During the probate process, the executor will handle many of the important duties concerning the estate. If you feel the person handling your parent’s estate is not doing the job properly or has committed some negative action against the state, then you may be able to request the court removes him or her from the position.
According to the Ohio Revised Code, there are some specific triggers that must occur for the court to remove an executor.
Lack of action
If the executor refuses to take action in some instances, this could be grounds for removal. For example, if your family wishes to bring a wrongful death claim for your parent but the executor refuses, the court can use this as a ground for the removal.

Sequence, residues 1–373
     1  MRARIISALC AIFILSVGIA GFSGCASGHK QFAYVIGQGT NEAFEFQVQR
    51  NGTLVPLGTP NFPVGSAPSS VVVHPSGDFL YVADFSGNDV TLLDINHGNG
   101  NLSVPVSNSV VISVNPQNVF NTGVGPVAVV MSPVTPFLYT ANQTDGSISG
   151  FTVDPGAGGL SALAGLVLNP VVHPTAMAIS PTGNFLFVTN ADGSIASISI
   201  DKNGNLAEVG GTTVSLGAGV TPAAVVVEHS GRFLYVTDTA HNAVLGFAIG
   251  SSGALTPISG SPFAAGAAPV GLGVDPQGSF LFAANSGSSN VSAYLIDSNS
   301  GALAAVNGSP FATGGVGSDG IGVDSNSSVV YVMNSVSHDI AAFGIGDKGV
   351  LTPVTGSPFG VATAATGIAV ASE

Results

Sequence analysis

If the executor is not managing the estate properly or not completing required actions, the court may remove him or her. The court does need to have a concern that the actions of the executor to not resolve issues could lead to litigation.
You should note that the removal of an executor is not something that happens often. The court assumes the appointment of the executor was something the deceased took time and care to do. It does not want to speak for the deceased or go against his or her wishes. Therefore, the court takes executor removal seriously and requires you to provide proof of his or her wrongdoing under the law. If you can prove your claims, the court will carefully consider the evidence before making a final decision.